In this collection of short stories, Irma Olmedo immerses her readers in the world of her childhood growing up in New York’s El Barrio during the 1950s. Tinged with nostalgia for her years surrounded by family, celebratory meals, and togetherness while facing economic challenges as other working-class Puerto Rican families in la gran urbe, Olmedo’s stories reclaim the humanity of displaced Puerto Rican families in New York through dialogues that are succinct yet truly human, exploding with a candidly felt, nurturing cariño. While the focus rests on her extended family, the stories reveal a larger social and historical moment in New York. Themes such as the mistranslations of migration through consumerism, the power of music and memory, the social alliances between Puerto Ricans and Italians, the limited access to resources, gender and sexual identities, and the diverse generational perspectives of identity and culture across time, all come together in these beautiful narratives of culture, family and communities. Olmedo’s unique talent in assuming the voices of her family members throughout these stories, including her own as an adult, is evident throughout the collection.
Bravo to a new voice that humanizes Puerto Ricans in the diaspora at a time when the State brutally dismisses our lives as unworthy of recognition. —Frances R. Aparicio,
Professor Emerita, Northwestern University
Barrio tales is a warm-hearted collection of short stories
on memory, love, and loss told with compassion, humor and wit. Moving from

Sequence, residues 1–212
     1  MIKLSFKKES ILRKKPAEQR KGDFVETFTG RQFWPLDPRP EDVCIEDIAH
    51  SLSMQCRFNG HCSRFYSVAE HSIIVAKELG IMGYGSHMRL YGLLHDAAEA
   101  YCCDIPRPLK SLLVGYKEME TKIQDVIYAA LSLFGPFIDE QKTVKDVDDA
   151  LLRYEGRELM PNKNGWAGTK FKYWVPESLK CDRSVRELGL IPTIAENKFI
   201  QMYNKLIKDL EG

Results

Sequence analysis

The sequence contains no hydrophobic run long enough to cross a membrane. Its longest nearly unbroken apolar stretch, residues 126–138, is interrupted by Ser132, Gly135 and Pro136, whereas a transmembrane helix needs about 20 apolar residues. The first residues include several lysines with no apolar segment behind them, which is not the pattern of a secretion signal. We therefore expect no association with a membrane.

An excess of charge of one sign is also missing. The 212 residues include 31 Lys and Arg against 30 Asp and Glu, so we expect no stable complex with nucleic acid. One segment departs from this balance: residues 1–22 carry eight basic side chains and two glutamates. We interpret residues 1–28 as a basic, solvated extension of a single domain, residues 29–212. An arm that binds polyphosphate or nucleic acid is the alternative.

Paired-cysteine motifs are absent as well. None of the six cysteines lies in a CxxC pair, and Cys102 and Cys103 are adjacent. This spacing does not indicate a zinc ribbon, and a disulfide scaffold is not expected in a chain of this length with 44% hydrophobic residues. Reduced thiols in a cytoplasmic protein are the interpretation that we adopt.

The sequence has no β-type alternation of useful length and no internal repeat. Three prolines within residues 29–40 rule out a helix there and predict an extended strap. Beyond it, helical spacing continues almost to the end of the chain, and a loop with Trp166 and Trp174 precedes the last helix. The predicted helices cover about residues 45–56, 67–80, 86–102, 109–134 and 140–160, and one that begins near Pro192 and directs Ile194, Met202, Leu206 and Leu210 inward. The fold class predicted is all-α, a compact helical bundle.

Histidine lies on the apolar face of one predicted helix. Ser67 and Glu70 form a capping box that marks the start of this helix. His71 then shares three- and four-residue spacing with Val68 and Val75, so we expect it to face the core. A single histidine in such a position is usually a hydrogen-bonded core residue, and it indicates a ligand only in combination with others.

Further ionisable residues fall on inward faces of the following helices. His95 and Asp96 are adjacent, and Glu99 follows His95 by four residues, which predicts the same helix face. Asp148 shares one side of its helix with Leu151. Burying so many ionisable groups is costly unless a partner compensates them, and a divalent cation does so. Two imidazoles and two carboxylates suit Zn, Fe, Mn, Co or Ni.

Puerto Rico to barrios across the US, each story is a gem that captures the sights,
sounds, smells, spirit, and emotions of a community on the move from the island
to the diaspora. Irma María Olmedo has a keen ear for dialogue and is an
original and inventive storyteller. Anyone interested in the immigrant
experience will love these stories.
—Dr. Lourdes Torres, Editor, Latino Studies, Vincent de Paul Professor, Department of Latin American and
Latino Studies, DePaul University
Irma Maria Olmedo was born in Puerto Rico, and moved to New York City at the age of eight with her family. She remained in the Lower East Side of New York City, where she pursued a Bachelor’s and Master’s Degrees at the City University of New York. After marrying, she moved to Wisconsin, Chicago and Ohio, received a master’s in Latin American Studies from the University of Wisconsin-Madison, a Certificate of Advanced Studies in Curriculum from the University of Chicago, and a Ph.D. in Education from Kent State University in Ohio. She taught in various colleges and universities, most recently at the University of Illinois-Chicago, from which she retired.